One more reason
for the CA Coastal Commission
to deny approval of Broadway-Brommer

October 3, 2010

Even if the Coastal Commission is prepared to approve the City's Broadway-Brommer (B-B) transportation project to be built through the greenbelt and on and over Arana Creek, the bank cutting and sedimentation problems at the Arana Creek tidal reach must be solved first. If B-B is built, then the culverts under Port District property cannot be enlarged or raised to achieve either 1) restoration of the tidal reach and its associated endangered fisheries or 2) diminished sedimentation into the upper harbor.

As recently as this summer, there has been discussion between the City and the Port District about a possible CalEMA grant, funded by FEMA Pre-Disaster Mitigation (PDM) to, among other things, replace the culverts draining Arana Creek into the north harbor. The following summary of information is from the July 27, 2010 minutes of the Port Commission Regular Public Session (pages 6, 24 & 25):

The Port District committed $10,000 to Kestrel Consulting, which prepared a Notice of Intent (NOI). The City agreed to sign the NOI and contribute $2,000 toward the development of the grant application. Kestrel submitted the NOI to CalEMA on July 29, 2010. CalEMA approved the NOI the following day. The project is estimated to cost $4 million.

While this is good news, there are some constraints to the current grant application process, which has an October 14, 2010 deadline. In addition to the short time frame, those constraints include 1) recommendations for further study of the initial project design to insure "that the project does not exacerbate the problem" and 2) the estimated $25,000 - $30,000 cost to complete the full application. However, apparently the initial NOI that has already been submitted can be used in 2011 with few revisions.

The importance of the sediment problems associated with the AG tidal reach degradation cannot be over stated. The City's AG Master Plan tells it like it is. On page 12 of the AG Master Plan, we read:

"As part of the development of the Upper Harbor in the early 70s, the culverts were installed. The culverts are approximately 2 feet below the grade of the original stream elevation. This man-made lowering of the base level of Arana Gulch Creek has led to channel incision and bank collapse in this tidal reach. During some storm events, the culverts also result in ponding of storm runoff within Arana Gulch which can increase erosion. The Arana Gulch Watershed Enhancement Plan identifies this tidal reach channel bank failure as a medium priority project.

In addition, the development of the Harbor and culverts has also affected habitat values for fisheries and other aquatic species within Arana Gulch."

Keep in mind that it is the City's 2002 Arana Gulch Watershed Enhancement Plan, not the AG Master Plan, that has been the basis of work between the City, the Port District and the Arana Gulch Watershed Alliance to develop and implement projects to reduce sedimentation into the north harbor. In fact, 11 of 13 identified projects are not even located in the Arana Gulch greenbelt property that is the subject of the AG Master Plan (AGMP). With regard to the tidal reach problems, identified in the MP, we also read the limitations of the MP (and therefore B-B) for solving them (p. 36):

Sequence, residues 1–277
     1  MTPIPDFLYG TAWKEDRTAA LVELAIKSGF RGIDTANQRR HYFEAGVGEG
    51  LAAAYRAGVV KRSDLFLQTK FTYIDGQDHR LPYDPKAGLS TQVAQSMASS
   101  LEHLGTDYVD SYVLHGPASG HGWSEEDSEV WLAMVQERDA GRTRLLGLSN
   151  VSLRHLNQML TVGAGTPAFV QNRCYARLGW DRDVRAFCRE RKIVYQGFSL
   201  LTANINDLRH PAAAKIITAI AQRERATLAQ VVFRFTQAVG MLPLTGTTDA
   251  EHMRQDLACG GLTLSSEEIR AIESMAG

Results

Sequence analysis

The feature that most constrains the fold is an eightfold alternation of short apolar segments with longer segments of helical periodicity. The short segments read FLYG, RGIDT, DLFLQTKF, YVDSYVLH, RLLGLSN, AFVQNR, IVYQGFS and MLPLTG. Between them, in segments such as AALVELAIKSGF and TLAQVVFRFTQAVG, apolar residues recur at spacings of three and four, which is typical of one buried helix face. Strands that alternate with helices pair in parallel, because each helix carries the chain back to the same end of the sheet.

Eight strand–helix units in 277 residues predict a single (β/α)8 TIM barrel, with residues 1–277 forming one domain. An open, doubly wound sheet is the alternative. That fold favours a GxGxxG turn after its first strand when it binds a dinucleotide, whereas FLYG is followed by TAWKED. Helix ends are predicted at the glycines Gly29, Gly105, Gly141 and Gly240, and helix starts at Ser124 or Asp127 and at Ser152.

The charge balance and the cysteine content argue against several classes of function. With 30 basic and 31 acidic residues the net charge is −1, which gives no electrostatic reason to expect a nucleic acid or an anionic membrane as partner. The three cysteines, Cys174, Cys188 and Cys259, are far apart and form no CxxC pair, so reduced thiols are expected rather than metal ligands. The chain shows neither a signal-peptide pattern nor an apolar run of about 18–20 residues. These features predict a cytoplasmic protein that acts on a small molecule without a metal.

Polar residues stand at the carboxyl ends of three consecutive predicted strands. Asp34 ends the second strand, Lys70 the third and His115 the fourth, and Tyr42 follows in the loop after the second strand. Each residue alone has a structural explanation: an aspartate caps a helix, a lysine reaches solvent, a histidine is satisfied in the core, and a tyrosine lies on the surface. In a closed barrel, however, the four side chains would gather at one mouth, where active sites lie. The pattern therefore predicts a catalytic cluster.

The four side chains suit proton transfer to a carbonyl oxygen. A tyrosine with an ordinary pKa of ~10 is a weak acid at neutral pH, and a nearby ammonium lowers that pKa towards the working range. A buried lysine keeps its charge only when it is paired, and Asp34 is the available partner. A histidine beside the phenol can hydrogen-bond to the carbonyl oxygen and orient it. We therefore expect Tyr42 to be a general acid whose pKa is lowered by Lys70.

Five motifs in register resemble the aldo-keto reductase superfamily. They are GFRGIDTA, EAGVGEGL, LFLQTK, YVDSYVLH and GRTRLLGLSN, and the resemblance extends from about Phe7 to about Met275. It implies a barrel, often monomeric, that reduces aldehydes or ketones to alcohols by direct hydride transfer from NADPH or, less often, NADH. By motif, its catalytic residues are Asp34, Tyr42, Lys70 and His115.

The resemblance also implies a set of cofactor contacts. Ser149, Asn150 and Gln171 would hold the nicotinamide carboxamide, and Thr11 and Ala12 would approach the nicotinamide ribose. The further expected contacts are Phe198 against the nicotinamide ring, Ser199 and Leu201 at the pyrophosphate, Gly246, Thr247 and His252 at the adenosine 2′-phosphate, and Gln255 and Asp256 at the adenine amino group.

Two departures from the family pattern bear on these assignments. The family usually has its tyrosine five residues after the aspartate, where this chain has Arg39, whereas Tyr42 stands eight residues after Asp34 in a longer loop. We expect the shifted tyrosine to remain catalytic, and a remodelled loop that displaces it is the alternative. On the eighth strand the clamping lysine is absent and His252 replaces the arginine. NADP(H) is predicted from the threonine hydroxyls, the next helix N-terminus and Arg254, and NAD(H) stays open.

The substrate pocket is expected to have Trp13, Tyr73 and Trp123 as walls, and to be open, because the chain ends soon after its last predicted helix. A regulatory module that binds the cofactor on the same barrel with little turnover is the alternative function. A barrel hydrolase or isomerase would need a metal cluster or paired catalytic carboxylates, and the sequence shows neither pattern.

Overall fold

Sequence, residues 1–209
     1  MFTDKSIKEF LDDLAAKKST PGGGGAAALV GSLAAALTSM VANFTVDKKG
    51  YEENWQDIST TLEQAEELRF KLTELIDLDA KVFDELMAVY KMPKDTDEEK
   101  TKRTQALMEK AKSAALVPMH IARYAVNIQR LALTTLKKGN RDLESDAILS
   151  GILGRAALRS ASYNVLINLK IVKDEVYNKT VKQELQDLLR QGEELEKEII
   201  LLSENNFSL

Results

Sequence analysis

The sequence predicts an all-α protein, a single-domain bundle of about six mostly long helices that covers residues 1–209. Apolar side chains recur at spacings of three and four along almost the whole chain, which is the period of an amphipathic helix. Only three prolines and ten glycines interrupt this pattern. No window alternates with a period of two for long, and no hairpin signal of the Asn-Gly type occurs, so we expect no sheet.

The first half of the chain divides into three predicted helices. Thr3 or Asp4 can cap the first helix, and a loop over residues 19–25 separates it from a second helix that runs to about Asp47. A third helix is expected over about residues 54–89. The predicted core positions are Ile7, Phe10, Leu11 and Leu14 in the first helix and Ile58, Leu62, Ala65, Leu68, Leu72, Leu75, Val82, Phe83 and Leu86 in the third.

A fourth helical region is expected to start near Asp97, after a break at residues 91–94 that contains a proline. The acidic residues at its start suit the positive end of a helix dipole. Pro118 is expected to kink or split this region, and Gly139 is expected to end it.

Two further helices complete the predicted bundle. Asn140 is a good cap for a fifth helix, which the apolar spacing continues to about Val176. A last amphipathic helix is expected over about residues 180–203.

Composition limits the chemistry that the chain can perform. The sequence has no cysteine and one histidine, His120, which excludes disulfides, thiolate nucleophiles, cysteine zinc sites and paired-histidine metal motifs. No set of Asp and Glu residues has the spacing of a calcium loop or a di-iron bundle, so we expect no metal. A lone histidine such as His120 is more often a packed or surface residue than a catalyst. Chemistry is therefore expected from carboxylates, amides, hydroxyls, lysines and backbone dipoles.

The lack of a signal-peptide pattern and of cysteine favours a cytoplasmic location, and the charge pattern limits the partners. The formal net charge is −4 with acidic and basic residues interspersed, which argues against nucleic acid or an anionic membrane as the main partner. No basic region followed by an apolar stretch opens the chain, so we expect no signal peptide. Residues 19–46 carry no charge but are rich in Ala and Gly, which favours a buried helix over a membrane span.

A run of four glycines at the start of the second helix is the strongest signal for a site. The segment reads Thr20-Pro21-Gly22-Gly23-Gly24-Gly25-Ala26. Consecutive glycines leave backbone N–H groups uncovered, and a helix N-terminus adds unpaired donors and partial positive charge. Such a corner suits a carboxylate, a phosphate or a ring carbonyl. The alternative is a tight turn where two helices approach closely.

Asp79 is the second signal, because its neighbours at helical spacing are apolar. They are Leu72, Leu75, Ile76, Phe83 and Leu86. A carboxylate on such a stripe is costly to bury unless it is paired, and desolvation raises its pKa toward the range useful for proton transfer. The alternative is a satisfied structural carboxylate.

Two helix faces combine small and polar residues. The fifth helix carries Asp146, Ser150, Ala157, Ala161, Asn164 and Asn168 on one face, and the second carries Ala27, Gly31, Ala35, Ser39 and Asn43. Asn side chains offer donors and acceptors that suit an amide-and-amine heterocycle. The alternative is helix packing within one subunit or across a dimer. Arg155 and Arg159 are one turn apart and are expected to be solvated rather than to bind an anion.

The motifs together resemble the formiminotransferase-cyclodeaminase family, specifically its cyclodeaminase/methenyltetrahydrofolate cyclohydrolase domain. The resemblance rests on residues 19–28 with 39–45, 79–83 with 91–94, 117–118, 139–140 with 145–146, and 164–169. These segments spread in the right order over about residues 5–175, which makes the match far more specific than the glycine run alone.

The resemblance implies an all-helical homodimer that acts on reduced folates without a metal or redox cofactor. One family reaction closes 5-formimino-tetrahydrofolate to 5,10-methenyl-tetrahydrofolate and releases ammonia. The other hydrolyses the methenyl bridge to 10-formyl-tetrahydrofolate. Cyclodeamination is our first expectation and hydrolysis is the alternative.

"The detailed hydrologic analysis and actual repair is beyond the scope of this Master Plan; however, this Plan includes goals to move forward with additional analysis and eventual restoration."

Building Broadway-Brommer before the harbor culvert/Arana Creek tidal reach restoration project is resolved and/or finalized is worse than putting the cart before the horse. It means spending the funds and energy required to build one project that will have to be demolished to build another. It means construction intrusion into the riparian zone twice. It makes no sense.

The County of Santa Cruz should reconsider its support of the Broadway-Brommer project portion of the AG Master Plan. The County could encourage the City to withdraw its current application to the Coastal Commission and to re-submit a revised application for its Master Plan without the specific Broadway-Brommer transportation project. Then the City and the County and the Port District can focus on restoration of its shared waterway, Arana Creek. If the City and/or the County is/are liable for degradation of habitat of endangered species (i.e., tidewater goby and steelhead trout), the restoration of the tidal reach be a shared priority. With the possibility of PDM/CalEMA grant funds available, this seems like an opportunity not to be missed.

At the same time, the County and the City can propose a shared RDA project for Brommer Steet Extension from 7th Avenue down into the harbor that addresses real public safety for pedestrians and bicyclists, enhanced access to the AG greenbelt along the existing decomposed granite trail of the north harbor, as well as ending the current sediment pollution from the Brommer Street Ext. drainage that now directly flows into Arana Creek.

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